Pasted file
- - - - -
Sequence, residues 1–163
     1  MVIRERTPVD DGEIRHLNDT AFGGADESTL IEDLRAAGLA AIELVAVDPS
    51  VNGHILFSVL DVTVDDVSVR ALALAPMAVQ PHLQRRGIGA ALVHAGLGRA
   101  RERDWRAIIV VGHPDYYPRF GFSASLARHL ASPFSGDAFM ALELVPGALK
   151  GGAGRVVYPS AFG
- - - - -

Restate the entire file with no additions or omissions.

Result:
Sequence, residues 1–163
     1  MVIRERTPVD DGEIRHLNDT AFGGADESTL IEDLRAAGLA AIELVAVDPS
    51  VNGHILFSVL DVTVDDVSVR ALALAPMAVQ PHLQRRGIGA ALVHAGLGRA
   101  RERDWRAIIV VGHPDYYPRF GFSASLARHL ASPFSGDAFM ALELVPGALK
   151  GGAGRVVYPS AFG